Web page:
Evidence for altered insulin receptor signaling in Alzheimer's disease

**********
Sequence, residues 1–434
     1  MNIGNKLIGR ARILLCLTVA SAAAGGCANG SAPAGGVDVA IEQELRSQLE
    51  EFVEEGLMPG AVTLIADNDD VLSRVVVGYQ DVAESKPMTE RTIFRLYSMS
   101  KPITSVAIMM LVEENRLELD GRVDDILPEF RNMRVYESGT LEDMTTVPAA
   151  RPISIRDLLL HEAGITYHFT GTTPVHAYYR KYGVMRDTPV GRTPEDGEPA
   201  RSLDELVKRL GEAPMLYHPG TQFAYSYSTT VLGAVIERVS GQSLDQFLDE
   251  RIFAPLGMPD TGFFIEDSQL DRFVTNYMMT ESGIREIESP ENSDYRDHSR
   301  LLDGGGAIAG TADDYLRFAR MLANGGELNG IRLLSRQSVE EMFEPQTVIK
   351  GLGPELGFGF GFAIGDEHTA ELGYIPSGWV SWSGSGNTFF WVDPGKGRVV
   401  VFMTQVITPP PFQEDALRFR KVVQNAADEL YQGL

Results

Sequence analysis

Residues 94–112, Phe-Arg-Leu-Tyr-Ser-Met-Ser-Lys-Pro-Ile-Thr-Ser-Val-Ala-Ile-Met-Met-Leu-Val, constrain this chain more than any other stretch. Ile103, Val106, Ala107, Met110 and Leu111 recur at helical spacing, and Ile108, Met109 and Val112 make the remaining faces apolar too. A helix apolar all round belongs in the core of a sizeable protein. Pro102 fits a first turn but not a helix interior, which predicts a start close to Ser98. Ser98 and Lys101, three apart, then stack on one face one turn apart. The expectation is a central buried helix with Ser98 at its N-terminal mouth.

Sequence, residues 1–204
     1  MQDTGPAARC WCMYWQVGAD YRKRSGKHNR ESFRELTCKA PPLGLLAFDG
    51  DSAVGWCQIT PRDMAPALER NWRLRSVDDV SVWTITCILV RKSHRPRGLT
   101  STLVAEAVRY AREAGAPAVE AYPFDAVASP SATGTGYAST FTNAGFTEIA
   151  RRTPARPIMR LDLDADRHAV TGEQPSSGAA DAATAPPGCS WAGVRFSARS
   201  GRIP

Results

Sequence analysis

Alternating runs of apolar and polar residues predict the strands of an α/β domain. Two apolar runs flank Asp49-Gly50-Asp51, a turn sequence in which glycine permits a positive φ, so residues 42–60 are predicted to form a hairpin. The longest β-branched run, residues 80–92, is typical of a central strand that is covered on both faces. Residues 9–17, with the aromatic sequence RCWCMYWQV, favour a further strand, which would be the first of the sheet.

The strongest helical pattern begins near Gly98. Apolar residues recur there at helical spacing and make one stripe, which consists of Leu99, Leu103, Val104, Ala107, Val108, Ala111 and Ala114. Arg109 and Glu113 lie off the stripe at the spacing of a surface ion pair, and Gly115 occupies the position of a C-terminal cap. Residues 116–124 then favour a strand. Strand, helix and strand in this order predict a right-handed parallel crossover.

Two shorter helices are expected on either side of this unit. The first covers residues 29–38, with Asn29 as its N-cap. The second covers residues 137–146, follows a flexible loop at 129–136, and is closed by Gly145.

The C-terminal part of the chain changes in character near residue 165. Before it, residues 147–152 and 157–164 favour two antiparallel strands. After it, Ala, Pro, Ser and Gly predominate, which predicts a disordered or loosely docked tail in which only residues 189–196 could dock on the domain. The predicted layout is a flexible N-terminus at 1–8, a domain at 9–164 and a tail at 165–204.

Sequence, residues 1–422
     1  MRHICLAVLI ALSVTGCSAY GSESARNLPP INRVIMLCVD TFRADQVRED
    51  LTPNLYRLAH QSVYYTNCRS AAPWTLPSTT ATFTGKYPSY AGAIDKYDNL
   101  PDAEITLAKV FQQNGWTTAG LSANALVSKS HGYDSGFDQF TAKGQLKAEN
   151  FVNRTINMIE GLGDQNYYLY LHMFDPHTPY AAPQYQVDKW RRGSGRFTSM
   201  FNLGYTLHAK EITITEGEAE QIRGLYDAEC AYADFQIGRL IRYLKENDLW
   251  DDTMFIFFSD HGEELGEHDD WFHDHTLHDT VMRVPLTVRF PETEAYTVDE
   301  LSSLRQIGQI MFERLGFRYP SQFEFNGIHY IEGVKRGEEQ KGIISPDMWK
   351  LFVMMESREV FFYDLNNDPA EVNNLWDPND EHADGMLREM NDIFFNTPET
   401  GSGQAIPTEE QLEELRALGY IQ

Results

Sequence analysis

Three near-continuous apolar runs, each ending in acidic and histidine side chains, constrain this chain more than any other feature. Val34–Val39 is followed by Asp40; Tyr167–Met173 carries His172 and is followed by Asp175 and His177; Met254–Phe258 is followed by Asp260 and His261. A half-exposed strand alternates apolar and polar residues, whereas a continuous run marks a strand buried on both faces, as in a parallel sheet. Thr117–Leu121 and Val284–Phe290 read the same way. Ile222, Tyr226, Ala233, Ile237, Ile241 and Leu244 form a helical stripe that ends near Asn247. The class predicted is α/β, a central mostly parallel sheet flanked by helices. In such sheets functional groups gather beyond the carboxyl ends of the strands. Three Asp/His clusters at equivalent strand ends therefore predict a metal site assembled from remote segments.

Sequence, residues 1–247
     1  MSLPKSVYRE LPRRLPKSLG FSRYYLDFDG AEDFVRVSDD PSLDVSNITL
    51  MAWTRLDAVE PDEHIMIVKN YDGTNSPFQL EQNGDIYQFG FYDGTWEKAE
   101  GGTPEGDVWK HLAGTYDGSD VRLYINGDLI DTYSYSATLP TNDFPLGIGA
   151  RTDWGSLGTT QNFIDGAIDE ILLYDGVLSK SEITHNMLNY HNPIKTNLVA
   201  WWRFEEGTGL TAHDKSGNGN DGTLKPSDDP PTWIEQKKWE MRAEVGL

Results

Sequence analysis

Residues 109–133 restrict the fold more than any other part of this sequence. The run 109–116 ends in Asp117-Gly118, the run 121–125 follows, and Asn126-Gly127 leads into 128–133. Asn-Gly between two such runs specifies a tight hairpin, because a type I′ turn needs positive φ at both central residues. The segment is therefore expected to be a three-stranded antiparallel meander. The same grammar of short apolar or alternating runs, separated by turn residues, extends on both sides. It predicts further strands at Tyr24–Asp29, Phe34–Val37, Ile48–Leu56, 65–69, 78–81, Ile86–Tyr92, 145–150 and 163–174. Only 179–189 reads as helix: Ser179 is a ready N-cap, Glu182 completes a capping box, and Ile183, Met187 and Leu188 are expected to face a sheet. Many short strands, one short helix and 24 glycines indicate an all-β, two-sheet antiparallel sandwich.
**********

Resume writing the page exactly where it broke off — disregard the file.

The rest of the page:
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Epidemiological data have shown that metabolic disease can increase the propensity for developing cognitive decline and dementia, particularly Alzheimer's disease (AD). While this interaction is not completely understood, clinical studies suggest that both hyper- and hypoinsulinemia are associated with an increased risk for developing AD. Indeed, insulin signaling is altered in post-mortem brain tissue from AD patients and treatments known to enhance insulin signaling can improve cognitive function. Further, clinical evidence has shown that AD patients and mouse models of AD often display alterations in peripheral metabolism. Since insulin is primarily derived from the periphery, it is likely that changes in peripheral insulin levels lead to alterations in central nervous system (CNS) insulin signaling and could contribute to cognitive decline and pathogenesis. Developing a better understanding of the relationship between alterations in peripheral metabolism and cognitive function might provide a foundation for the development of better treatment options for patients with AD. In this article we will begin to piece together the present data defining this relationship by briefly discussing insulin signaling in the periphery and CNS, its role in cognitive function, insulin's relationship to AD, peripheral metabolic alterations in mouse models of AD and how information from these models helps understand the mechanisms through which these changes potentially lead to impairments in insulin signaling in the CNS, and potential ways to target insulin signaling that could improve cognitive function in AD.This article is part of the Special Issue entitled ‘Metabolic Impairment as Risk Factors for Neurodegenerative Disorders.’HighlightsMetabolic disease increases the risk of developing cognitive decline and dementia.AD is associated with peripheral metabolic alterations.Insulin/insulin sensitivity is altered in the AD brain.Insulin and Insulin sensitizers can improve cognitive function in AD.

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